LED Retrofits Fixtures For Solid State Lighting Systems

Requirements for fixtures have to take into account the flat dispersed nature of LED placements, especially because this factor could influence the successful deployment of such lighting solutions. - Siddhartha Bhatt, R Sudhir Kumar, Raghu R

With the advent of solid state lighting technology like LED lamps, the need for lighting fixtures need redefinition. In the case of earlier technologies, requirements for ingress protection and heat dissipation were different. Now, requirements for the lighting fixtures have to take into account the flat dispersed nature of LED placements.

The cost of the lighting fixtures and their efficiency plays a major role in the successful deployment of LED lighting solutions as retrofits/replacements to the conventionally existing lighting systems. Ingress protection, which is essential to protect the lamp, results in temperature build up inside the fixture – due to conduction being the only mode of heat transmission to the environment. This is a design challenge. The other major design challenge is the design the fixtures as retrofits without sacrificing the light transmission (beam distribution) characteristics such as cosine efficiency and batwing efficiency. The effectiveness of heat sinks plays a major role in determining the operating efficiency of the lamp due to the operating temperature. Thus, the lighting fixture affects the performance of the lamp that must be kept in mind during the design.

Light Emitting Diodes (LEDs) are miniature bulbs of directional or pointed beams with UV resistant, weather proof, unbreakable plastic super-lamination. Basically, the mode of building up of a luminaire of large size is through clustering of miniature sources into a lamp. An individual LED gives a maximum output of 1200 lumen. Luminaires are configured out of around 3 to 60 LEDs.

Solid state, opto white semiconductors LEDs in conjunction with solar PV have the potential for wiping off the dependence on kerosene lanterns from the country. It is a continually evolving technology, financially becoming cheaper and is an ideal energy saving solution in the lighting sector as a portable as well as in-situ technology. The energy efficiency of LEDs (laboratory), which was around 100 lumen/W in 2008 went up to 132 lumen/W in 2009 and 231 lumen/W in 2011 and 275 lumen/W in 2016. The field efficiencies are presently around 140 lumen/W. The difference in the laboratory and field conditions is the operating temperature and other test conditions like operating current, etc. CPRI, Bangalore is one of the premier LED lantern and home lighting system testing agency in India.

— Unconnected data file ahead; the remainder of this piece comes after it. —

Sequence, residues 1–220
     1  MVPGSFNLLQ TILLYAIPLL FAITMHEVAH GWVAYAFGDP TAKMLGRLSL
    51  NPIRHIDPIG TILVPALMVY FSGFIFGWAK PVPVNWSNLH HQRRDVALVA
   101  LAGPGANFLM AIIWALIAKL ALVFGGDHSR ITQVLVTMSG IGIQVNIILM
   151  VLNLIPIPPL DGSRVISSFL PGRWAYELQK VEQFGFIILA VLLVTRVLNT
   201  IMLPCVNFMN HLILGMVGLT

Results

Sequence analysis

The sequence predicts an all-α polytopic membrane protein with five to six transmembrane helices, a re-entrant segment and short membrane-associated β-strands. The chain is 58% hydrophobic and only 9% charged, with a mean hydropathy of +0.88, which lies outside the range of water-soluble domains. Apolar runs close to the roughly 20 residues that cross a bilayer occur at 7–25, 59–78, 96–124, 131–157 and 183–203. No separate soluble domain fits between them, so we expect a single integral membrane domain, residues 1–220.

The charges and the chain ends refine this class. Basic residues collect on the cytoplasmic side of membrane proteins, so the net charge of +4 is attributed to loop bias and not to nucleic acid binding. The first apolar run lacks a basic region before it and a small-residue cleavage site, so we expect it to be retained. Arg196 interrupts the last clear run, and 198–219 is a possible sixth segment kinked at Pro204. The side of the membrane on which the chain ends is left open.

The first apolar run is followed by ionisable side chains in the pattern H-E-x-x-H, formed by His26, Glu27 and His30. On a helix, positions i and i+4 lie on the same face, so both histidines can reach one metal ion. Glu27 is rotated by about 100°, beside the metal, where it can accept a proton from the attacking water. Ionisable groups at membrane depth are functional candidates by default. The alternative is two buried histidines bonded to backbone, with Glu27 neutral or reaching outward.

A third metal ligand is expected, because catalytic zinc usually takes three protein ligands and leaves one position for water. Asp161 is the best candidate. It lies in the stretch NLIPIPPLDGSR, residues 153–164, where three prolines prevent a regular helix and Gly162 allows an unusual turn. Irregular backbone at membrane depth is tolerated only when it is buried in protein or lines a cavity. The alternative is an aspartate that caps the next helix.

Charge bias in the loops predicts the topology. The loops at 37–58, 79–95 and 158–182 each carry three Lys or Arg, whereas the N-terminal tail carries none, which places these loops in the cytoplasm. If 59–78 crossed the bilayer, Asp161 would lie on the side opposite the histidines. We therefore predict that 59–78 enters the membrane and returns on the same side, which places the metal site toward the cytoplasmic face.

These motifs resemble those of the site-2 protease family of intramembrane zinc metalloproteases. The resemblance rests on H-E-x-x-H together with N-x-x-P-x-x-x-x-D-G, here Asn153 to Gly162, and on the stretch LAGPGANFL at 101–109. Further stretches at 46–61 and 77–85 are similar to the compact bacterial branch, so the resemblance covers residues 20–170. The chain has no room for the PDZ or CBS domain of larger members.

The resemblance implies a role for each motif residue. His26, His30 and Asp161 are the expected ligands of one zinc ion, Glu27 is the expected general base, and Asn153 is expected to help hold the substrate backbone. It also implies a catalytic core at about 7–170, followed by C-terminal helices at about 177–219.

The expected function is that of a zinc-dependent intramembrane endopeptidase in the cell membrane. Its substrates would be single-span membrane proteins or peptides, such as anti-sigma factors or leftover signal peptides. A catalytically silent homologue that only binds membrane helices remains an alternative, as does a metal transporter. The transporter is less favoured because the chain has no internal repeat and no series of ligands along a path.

A major advantage of LED lighting technology is its ability to be integrated into smart grid configurations in the electricity distribution sector because it is a solid state technology and can be digitally controlled for illumination level, on/off operations, etc. The building lighting load and street lighting load when using LED systems would be of much lower electric rating and can also be controlled with ease. It is an ideal solution for a demand side management for minimisation of the grid evening peak created because of lighting loads. Dimming, without drop in energy efficiency is a distinct feature of LED lighting.
The Government of India through the EESL under the Ministry of Power has launched a massive programme to replace conventional CFL and incandescent lamp technologies with LED lamps.

Challenges in Lighting Accessories

The massive replacement program involves the replacement of conventional lamps by LED lamps. The mechanism is through replacement using the same 230 V AC pin type holder. The challenge here is to make the LED lamp compact and fit into the same old pin type holder. The volume and mass of the LED lamp must confirm to this holder size. This requires innovative designs to ensure that mass and volume are within limits.